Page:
The likelihood of a literature critic defending a piece by an intern expressing ignorance of Shakespeare, or Yeats, or Dickens, or whomever – pretty much zero. This is just another anti-‘authenticity’ diatribe which treats pop music as a lesser art form. What is a ‘canon’, after all? A body of work which is generally accepted as being a) hugely influential and b) of outstanding artistic merit. It provides a context, a shared history and even, yes, something to react against. I wrote more about this here.
The argument against “the belief that an objective response is possible” is a deeply disingenuous one, particularly coming from a critic. It’s premised on the mistaken belief that criticism consists of ‘correct’ and ‘incorrect’ responses and should instead solely consist of ‘did I as an individual listener like this?’. The latter, of course, makes all criticism utterly pointless and redundant. It’s a sleight-of-hand move, someone denying their privileged platform, shrugging at their craft. Because at its best, criticism is an art. It tells us about the work in hand, yes, but also about our culture, our history, ourselves. People don’t remember great critics because they were ‘right’, they remember them because they cared passionately about their chosen subject, brought enthusiasm and knowledge to bear on it, illuminated it in new ways, pushed it forward. In short, they did not merely write ‘This is good’. They had more respect for their craft than that. This is why people found that NPR intern piece so awful – less that the writer was unaware of Public Enemy, more that they positively revelled in their ignorance and showed absolutely no curiosity about it. Any fledgling critic dismissing ‘classic’ works in a genre they claim to love because they were released “before I was even born!” is off to a terrible start in their career of writing about art for others. Really, what are they going to offer other than ‘I like this’? Again, no theatre critic with an avowed interest in modernist drama would snottily dismiss Brecht because of when his work was written. That’s not to say that they would necessarily love Brecht, they simply would not revel in the fact that they were ignorant of him.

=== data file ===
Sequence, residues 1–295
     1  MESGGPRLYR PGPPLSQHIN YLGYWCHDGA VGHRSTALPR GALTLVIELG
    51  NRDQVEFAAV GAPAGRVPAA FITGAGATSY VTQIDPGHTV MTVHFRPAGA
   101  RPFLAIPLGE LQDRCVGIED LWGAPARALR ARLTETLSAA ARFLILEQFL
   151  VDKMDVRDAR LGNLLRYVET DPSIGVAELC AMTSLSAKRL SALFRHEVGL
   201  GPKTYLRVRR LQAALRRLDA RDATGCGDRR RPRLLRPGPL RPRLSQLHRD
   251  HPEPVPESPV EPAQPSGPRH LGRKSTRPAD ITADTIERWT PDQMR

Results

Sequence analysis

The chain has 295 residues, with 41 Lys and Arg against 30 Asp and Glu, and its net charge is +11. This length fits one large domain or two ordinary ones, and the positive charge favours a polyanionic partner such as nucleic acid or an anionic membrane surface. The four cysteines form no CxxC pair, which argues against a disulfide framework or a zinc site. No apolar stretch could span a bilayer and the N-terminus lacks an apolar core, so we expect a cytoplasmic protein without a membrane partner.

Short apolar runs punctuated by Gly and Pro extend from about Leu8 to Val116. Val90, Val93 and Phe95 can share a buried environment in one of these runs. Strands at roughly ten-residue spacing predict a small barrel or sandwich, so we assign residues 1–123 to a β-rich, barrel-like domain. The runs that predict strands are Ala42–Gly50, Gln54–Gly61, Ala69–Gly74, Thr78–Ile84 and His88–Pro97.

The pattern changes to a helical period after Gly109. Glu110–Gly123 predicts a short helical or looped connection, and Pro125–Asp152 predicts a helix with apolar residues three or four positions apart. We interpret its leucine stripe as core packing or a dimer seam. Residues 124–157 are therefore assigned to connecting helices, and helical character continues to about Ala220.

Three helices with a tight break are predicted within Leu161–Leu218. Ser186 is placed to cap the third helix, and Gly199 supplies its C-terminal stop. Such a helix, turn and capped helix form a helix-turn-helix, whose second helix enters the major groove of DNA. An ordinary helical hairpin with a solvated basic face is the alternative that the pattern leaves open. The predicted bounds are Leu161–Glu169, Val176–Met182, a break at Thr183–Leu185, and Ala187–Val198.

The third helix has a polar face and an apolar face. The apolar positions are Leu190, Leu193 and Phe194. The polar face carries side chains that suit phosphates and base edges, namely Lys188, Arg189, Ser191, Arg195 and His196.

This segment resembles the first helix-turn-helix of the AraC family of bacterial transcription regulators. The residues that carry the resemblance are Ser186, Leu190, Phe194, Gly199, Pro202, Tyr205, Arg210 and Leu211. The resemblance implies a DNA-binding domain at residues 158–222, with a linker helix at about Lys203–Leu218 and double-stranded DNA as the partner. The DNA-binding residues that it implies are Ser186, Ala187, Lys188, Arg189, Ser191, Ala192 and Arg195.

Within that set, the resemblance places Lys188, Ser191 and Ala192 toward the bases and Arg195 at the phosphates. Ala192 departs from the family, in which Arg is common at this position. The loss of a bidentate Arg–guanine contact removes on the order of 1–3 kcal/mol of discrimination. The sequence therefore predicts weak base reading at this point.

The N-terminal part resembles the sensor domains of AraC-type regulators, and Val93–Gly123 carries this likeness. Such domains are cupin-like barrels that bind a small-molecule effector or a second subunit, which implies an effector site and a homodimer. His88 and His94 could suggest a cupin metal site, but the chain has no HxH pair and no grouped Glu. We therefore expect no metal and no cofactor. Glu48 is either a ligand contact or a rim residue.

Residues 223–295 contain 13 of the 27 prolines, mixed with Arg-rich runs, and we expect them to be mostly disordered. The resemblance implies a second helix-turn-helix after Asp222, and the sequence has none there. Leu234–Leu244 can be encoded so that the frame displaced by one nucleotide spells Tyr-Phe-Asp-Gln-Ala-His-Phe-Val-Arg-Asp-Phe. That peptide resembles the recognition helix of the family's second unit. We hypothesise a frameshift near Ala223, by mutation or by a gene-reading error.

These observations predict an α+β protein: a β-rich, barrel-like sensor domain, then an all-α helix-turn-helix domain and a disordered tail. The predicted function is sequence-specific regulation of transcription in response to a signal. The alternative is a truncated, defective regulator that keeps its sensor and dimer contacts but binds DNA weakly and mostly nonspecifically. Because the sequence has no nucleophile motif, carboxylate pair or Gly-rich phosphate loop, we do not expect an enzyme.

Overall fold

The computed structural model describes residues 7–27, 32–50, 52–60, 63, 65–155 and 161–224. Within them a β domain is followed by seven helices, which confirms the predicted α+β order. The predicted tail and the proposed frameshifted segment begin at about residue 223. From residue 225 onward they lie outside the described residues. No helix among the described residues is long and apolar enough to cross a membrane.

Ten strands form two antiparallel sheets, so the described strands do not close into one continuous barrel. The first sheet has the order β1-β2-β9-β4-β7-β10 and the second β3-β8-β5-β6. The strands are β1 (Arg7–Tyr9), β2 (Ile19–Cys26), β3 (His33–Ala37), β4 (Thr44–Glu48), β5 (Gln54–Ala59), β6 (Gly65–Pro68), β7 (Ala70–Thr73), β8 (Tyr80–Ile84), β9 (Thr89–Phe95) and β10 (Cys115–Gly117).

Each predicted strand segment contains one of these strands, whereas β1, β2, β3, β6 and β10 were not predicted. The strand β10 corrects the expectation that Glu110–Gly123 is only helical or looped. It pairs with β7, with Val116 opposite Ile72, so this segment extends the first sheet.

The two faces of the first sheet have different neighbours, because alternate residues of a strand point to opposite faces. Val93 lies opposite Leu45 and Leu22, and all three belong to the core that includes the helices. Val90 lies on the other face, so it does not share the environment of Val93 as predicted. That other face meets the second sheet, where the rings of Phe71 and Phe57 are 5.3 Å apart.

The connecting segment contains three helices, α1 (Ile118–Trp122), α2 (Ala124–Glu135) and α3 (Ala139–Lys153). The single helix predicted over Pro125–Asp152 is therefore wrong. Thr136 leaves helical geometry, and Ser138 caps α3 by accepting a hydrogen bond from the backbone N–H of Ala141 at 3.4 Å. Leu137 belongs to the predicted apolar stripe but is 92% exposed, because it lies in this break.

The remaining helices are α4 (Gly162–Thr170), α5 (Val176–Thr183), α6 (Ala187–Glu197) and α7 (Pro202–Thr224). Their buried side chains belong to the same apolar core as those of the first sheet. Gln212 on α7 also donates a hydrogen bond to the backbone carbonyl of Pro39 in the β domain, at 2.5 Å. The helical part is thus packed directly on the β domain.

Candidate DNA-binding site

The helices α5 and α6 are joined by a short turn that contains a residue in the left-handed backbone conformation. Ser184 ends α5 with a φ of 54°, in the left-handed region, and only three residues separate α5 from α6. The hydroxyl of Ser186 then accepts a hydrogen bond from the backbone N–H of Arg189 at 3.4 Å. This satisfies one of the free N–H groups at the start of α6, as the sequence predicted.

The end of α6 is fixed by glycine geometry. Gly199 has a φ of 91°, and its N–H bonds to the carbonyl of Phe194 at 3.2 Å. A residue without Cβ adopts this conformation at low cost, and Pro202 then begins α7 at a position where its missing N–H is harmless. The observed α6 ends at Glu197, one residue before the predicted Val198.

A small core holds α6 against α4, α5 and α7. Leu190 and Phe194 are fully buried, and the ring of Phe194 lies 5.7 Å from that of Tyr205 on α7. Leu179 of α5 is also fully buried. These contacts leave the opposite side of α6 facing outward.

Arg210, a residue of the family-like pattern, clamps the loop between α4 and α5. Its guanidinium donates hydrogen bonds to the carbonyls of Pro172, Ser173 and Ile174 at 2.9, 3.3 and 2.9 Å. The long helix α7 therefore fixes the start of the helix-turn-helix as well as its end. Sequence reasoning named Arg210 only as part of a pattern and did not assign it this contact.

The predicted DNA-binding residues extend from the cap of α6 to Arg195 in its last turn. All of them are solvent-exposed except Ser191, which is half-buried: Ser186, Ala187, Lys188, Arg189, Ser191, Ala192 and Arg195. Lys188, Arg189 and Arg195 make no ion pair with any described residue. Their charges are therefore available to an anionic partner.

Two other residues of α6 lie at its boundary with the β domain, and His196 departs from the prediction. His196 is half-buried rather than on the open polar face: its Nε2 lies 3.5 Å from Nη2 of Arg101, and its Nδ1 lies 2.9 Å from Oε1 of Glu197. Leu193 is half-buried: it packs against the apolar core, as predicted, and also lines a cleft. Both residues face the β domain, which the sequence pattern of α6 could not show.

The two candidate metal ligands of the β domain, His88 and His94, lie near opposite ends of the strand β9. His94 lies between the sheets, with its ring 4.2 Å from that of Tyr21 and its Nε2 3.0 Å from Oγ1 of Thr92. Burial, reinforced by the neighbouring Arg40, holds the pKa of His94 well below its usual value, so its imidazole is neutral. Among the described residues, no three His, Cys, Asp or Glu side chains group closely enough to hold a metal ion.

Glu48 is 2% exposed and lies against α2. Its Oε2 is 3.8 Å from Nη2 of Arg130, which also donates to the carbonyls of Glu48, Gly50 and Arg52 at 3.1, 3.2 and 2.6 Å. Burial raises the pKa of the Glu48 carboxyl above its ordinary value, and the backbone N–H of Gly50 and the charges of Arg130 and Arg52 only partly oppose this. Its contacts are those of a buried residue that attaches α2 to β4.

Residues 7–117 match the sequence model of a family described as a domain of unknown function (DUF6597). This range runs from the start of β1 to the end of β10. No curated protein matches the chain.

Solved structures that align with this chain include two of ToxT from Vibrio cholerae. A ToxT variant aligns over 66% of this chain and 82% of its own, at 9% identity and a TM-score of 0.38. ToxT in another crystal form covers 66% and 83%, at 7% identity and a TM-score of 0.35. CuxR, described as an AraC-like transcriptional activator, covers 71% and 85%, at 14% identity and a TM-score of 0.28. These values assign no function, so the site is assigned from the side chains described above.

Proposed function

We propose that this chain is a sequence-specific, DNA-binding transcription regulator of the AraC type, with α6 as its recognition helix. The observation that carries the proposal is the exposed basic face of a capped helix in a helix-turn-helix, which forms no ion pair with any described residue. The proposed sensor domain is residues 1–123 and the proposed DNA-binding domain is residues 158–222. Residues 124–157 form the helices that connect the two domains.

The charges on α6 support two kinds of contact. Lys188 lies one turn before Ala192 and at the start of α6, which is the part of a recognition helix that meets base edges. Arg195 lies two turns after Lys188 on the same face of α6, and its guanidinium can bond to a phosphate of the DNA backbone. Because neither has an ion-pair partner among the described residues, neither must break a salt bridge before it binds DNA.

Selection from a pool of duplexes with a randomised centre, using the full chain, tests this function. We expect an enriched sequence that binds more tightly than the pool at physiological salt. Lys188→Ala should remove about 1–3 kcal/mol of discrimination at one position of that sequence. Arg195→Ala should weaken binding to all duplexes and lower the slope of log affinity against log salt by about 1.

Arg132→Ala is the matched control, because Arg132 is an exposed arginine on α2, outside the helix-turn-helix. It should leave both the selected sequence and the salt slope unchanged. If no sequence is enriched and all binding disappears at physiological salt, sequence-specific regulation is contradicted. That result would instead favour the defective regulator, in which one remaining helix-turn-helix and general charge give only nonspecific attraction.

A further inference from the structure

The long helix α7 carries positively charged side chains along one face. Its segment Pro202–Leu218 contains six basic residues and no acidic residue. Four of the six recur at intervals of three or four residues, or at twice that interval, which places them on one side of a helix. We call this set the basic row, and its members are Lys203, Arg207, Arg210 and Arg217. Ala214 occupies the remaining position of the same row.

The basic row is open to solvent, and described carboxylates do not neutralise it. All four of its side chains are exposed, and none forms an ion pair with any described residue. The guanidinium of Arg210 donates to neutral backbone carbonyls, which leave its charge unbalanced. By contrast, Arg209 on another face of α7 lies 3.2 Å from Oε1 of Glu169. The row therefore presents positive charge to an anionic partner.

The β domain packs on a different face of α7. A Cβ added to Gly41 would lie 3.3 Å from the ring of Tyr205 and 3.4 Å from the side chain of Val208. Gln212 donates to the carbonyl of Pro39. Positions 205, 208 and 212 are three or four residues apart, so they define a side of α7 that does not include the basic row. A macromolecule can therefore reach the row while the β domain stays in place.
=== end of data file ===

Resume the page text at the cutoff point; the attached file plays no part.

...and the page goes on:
The argument that criticism should consist of an individual response to an individual work, stripped of any attempts at context, is a very capitalistic one. It sees an album as a product to be consumed, the review as akin to an Amazon rating for a blender. “It did the job well”. Any critic who thinks they have nothing exceptional to offer, who celebrate being ‘just a listener like anyone else’, who patronisingly congratulate ‘young’ writers for their self-gratifying ignorance, should clear out of their privileged platforms.